Growing Challenger Hops

So the hops have been growing since the end of February which I think was a bit late to plant them but they have done really well all things considered. Had a few problems with them being attacked by slugs and bugs along the way but I’ve ended up with a good crop.  Pics on this entry aren’t too good by the way. I got a new HTC phone a few months ago so I’ve been lazy and used that, pics aren’t bad but not a scratch on an SLR. I’ll get back to using my SLR next time for decent pics.

The slugs had a right go at them to start with, you could see trails all the way up the walls but after I’d put down some pellets and the plant got going it was off. I used tomoto feed and occationally some seaweed fertilizer on them. Watered every day when they were in full swing. I reckon they were growing 6 inches a day at one point! Amazing rate. The cones themselves started off looking like this…

I thought they looked a bit weird at this point. Having never really grown anything before I didn’t have a clue how the hop cones would start to develop. It’s a bit of a strange plant all in all. I had some issues with white fly attacking it too but managed to keep on top of that with some insecticide. Then when the ladybirds came along they seemed to keep them at bay. Spiders seemed to build a few webs around the plant too.

End of August / beginning of September and I’ve got quite a lot of cones. Some are still developing, some have mostly grown – depends what sunlight they’ve been exposed to I think. It’s done well so far and it’s looking like I’ll have more than I thought after all…

Towards the end of September and some of them are just starting to get that light papery feeling. It was quite tricky knowing exactly when to harvest them but I think I got them about right. Some of the cones towards the top started to get brown edges where they’d had the most sunlight.

I think there are key things to look for when harvesting – papery-ness, when they are still green, fresh and supple they aren’t ready.  The Lupulin glands, you can see these under the leaves of each cone full of powdery yellow stuff. This is what we’re after to give us bitterness, flavour and aroma. This stuff contains the alpha acids. There should be plenty of this and you should get a good whiff of it when you smell a cone. If the cone still smells “green”, kind of like cut grass, then it’s not ready. After you’ve picked a few hops your hands should be sticky and have that awesome smell of hops too.

I spent about 1 hr 30 mins harvesting hops. I did the first lot after work one night so I had to stop because it got dark. I picked a carrier bag full the first time round though, that was a lot! I was pretty surprised that I got so many, especially since I’d read not to expect many at all from a first year hop plant, excellent. I got a good few hand fulls on the second go too.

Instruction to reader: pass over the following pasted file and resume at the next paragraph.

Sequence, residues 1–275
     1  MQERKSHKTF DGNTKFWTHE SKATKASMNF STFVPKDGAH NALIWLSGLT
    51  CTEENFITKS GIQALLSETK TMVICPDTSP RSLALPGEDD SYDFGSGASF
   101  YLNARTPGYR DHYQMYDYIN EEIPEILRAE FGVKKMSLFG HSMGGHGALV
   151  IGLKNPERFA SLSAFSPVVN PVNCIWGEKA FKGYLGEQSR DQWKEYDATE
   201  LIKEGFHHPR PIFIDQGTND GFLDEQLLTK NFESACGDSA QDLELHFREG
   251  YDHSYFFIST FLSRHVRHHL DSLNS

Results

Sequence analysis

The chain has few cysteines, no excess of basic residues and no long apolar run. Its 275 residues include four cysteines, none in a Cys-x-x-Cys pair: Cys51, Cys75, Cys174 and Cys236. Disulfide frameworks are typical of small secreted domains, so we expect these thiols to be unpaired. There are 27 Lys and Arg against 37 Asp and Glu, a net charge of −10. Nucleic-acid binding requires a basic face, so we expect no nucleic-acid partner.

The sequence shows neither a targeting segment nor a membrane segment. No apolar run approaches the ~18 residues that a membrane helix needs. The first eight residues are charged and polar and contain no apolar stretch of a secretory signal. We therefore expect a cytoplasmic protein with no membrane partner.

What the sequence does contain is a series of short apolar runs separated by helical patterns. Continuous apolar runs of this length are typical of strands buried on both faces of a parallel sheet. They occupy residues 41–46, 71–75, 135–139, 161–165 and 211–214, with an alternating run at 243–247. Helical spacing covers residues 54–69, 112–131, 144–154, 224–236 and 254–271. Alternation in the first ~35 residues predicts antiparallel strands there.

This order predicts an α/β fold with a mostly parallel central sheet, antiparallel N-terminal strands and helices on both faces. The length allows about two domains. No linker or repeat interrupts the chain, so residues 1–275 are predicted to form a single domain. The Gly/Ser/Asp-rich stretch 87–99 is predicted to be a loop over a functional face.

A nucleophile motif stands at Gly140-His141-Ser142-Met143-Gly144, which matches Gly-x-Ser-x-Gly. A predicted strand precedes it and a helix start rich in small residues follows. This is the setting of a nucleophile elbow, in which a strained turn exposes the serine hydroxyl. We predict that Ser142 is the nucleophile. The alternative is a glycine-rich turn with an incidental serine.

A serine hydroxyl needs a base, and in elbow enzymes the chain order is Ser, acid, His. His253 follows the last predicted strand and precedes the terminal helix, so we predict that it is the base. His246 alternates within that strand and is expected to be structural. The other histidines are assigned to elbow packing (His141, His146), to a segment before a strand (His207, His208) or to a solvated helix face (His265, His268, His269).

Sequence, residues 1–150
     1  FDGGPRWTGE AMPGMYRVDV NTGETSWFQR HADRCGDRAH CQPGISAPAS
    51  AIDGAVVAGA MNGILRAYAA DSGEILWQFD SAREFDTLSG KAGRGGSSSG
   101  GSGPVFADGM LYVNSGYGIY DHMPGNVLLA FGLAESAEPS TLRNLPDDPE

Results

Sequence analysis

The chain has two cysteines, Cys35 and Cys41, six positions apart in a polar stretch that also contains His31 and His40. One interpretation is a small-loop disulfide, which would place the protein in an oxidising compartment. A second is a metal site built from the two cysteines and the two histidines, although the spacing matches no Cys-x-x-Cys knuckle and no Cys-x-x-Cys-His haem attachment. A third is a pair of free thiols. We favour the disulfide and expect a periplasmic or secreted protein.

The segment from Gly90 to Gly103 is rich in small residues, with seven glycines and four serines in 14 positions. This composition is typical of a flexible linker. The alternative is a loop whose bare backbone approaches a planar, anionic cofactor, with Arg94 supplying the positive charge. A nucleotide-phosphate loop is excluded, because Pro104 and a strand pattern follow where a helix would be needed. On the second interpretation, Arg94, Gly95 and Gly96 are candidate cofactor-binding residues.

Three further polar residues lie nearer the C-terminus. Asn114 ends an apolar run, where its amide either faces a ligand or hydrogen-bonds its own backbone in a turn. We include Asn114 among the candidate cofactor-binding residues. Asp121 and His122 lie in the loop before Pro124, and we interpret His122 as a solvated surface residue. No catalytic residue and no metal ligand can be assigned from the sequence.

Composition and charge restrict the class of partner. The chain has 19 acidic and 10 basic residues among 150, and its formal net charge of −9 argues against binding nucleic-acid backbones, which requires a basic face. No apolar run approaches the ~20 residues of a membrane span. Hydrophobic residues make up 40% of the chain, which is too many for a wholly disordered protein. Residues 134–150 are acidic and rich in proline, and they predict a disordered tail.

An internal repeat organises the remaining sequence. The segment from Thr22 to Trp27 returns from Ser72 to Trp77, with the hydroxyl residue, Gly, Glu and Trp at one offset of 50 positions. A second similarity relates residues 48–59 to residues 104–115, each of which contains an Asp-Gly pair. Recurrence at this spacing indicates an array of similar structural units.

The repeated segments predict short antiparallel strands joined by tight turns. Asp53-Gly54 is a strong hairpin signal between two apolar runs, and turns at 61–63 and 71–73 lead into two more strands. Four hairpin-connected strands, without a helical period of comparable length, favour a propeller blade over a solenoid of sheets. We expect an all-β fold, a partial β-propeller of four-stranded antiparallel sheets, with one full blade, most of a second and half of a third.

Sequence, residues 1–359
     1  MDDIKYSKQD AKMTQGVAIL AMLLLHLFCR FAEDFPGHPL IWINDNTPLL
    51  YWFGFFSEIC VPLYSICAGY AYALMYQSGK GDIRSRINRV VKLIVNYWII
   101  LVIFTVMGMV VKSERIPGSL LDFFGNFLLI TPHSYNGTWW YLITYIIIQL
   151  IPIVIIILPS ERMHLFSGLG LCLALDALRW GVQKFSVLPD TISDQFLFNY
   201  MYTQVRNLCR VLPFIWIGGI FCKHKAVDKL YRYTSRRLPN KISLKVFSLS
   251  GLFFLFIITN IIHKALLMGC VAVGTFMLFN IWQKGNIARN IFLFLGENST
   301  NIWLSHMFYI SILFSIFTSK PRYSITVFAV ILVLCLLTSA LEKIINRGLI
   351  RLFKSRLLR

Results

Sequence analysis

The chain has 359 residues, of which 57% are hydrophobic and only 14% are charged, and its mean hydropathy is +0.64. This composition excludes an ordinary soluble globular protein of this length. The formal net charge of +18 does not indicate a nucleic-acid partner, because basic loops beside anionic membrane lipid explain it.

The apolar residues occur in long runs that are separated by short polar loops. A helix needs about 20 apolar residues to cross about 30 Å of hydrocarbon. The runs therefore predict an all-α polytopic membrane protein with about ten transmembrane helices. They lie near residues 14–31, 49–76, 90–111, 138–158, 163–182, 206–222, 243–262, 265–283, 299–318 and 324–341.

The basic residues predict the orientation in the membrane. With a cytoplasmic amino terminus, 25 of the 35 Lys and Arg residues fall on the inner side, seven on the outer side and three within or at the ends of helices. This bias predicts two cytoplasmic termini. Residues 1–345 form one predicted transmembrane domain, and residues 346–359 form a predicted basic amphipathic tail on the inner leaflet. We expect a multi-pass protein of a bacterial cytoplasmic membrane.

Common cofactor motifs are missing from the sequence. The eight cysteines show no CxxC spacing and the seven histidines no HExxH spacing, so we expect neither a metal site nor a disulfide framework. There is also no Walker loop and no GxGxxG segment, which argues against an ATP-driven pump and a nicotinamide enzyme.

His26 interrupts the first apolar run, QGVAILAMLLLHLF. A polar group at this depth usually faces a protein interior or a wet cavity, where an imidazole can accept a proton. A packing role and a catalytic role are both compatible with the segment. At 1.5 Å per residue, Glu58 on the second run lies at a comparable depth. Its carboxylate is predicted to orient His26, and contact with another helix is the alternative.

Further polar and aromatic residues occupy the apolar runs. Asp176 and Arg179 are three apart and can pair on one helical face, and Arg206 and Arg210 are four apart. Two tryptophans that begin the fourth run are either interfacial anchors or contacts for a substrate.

I had originally planned on building a dryer for them but the weather turned after I picked them and it was pretty warm so I ended up laying them out on some news paper with a fan blowing over them gently. Left them for about 3 days and they were dried out nicely.

I repeated the same with the second lot and measured the weight afterwards, 320g of hops! That’s enough for at least two brews and would have cost me nearly 15 quid if I’d bought them from a shop. I’ve already lined up one brew using purely challenger hops (quite a lot!) so I can get a really good idea of the flavour. The only problem with homegrown hops is that I don’t know what the alpha acid content is so I can’t really accurately calulate bitterness. I’m not that bothered though so with all my homegrown hops, I’ll just use the average for that variety. Challenger ranges from about 6.5%-8.5%AA so I’ll just make recipes using them at 7.5%.

Next year I plan to grow two more varieties – thanks to my girlfriend Karis who is letting me use some space at her house! I’ll need to put a wooden post in for these and I plan on putting a pulley system in so I can lower the plant at harvest time. Should be interesting around harvest time, with 3 plants to harvest. The challenger plant should have even more cones than this year. Once I’m getting more than I can use straight away I’ll invest in a vacuum packaging machine to keep them fresh for use later on in the year. Until then I’ll keep them in the freezer.

More updates on thier way for the next brew using my own homegrown hops! Woop!

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